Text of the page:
Just like the human epidemic, almost 50% of the pet population is overweight. Even a little extra weight can impact your pet’s quality of life and his relationship with your family. Even a little extra weight can reduce play time, impact mobility and affect the lifelong general health of dogs. Extra weight also reduces play time in cats and can increase a cat’s risk of developing urinary conditions like bladder stones.
Fortunately, Hill’s nutritionists & veterinarians have developed two new Prescription Diet foods. Metabolic Plus Mobility Canine and Metabolic Plus Urinary Feline.
Metabolic Plus Mobility is especially formulated to help manage your dog’s weight and joint health. In fact, Metabolic Plus Mobility Canine has clinically proven nutrition to improve mobility in as little as 21 days1-4 AND reduce body weight by 13% in 60 days5. Metabolic Plus Urinary Feline has clinically tested nutrition to reduce the most common urinary signs by 89%6 AND is proven to reduce body weight by 11% in 60 days7
Metabolic Plus Mobility Canine contains a synergistic blend of ingredients, high levels of omega-3 fatty acids and a unique fibre blend from fruits and vegetables. The nutrition in Metabolic Plus Mobility naturally works with your dog’s unique metabolism, improves your dog’s ability to run, walk and jump and helps your dog feel full & satisfied between meals.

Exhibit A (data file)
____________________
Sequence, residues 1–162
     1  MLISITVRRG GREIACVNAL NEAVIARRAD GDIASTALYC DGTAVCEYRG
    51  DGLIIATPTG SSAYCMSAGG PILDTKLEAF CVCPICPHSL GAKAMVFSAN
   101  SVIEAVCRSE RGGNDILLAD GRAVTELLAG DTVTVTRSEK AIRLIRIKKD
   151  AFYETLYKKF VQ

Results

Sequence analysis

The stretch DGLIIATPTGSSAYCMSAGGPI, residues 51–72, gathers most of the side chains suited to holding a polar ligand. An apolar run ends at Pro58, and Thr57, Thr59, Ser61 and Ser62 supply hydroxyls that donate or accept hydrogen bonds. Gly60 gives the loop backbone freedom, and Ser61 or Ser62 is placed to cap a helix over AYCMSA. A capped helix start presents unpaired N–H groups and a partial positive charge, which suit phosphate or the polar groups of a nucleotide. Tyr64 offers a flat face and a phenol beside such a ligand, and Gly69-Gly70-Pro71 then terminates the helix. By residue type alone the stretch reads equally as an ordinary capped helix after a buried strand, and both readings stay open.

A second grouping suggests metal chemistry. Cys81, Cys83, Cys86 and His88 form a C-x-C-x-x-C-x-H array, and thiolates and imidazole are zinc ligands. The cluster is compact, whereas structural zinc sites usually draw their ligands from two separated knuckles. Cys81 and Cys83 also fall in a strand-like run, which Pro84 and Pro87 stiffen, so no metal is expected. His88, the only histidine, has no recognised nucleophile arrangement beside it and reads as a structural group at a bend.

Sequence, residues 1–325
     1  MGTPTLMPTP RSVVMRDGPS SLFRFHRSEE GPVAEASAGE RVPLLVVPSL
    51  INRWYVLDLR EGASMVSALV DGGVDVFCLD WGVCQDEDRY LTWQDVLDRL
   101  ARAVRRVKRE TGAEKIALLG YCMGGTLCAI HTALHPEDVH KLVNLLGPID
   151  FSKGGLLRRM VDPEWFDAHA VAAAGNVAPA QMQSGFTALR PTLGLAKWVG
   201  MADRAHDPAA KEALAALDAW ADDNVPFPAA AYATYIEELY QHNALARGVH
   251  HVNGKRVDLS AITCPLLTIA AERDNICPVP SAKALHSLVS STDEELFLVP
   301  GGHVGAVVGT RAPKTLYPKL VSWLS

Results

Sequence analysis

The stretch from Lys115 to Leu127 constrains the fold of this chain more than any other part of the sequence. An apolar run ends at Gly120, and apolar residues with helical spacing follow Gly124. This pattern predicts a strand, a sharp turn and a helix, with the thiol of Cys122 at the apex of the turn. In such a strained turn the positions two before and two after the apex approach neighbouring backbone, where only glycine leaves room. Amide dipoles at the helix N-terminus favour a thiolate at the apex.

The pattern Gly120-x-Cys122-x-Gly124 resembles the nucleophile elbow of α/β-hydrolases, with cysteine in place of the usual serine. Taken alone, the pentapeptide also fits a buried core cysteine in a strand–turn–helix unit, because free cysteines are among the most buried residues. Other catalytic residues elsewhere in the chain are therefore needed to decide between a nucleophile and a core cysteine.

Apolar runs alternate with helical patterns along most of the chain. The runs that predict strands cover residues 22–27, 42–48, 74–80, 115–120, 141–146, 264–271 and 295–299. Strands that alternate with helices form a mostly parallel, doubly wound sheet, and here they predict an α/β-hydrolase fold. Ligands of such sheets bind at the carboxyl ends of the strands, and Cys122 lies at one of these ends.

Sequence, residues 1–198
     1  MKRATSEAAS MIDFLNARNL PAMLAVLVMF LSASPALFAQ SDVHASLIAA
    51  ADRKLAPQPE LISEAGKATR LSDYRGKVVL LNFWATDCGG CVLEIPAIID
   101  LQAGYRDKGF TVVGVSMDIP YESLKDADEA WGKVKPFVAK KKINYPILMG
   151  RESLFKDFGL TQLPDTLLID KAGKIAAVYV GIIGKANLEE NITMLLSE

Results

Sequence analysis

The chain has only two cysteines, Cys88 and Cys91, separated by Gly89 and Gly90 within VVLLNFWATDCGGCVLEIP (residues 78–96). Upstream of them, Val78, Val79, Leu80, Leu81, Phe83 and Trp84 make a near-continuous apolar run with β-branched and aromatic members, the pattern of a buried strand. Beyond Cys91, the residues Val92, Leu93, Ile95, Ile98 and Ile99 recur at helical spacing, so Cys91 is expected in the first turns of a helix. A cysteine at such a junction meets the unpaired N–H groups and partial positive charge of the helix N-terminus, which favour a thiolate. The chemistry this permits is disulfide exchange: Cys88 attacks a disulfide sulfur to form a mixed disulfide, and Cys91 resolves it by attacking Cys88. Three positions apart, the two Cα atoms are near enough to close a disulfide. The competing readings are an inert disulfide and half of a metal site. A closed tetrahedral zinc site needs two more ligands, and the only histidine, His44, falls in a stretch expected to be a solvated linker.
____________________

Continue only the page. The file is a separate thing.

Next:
Similarly Metabolic Plus Urinary Feline contains a synergistic blend of ingredients and a unique fibre blend from fruits and vegetables. It also has controlled levels of magnesium, calcium and phosphorus for urinary tract health.
The nutrition in Metabolic Plus Urinary Feline naturally works with your cat’s unique metabolism, can dissolve struvite stones in as little as 7 days* and helps your cat feel full & satisfied between meals.
Both products are
available as a dry food or a delicious stew.
*average 27 days
1 Fritsch D, Allen TA, Dodd CE, et al. Dose titration effects of fish oil in osteoarthritic dogs, J Vet Intern Med 2010;24:1020–1026. 2 Roush JK, Cross AR, Renberg WC, et al. Evaluation of the effects of dietary supplementation with fish oil omega-3 fatty acids on weight bearing in dogs with osteoarthritis. J Am Vet Med Assoc. 2010; 236: 67-73. 3 Fritsch DA, Allen TA, Dodd CE, et al. A multicenter study of the effect of a therapeutic food supplemented with fish oil omega-3 fatty acids on the carprofen dosage in dogs with osteoarthritis. J Am Vet Med Assoc. 2010; 236: 535-539. 4Roush JK, Dodd CE, Fritsch DA, et al. Multicenter veterinary practice assessment of the effects of omega-3 fatty acids on osteoarthritis in dogs. J Am Vet Med Assoc. 2010; 236: 59-66.5 Floerchinger AM, Jackson MI, Jewell DE, et al. Effect of feeding a weight loss food beyond a caloric restriction period on body composition and resistance to weight gain in dogs. J Am Vet Med Assoc 2015;247:375-384.6Kruger JM, Lulich JP, MacLeay J, et al. Comparison of foods with differing nutritional profiles for long-term management of acute nonobstructive idiopathic cystitis in cats. J Am Vet Med Assoc 2015;247:508-517. 7Floerchinger AM, Jackson MI, Jewell DE, et al. Effect of feeding a weight loss food beyond a caloric restriction period on body compo
sition and resistance to weight gain in cats. J Am Vet Med Assoc 2015;247:365-374.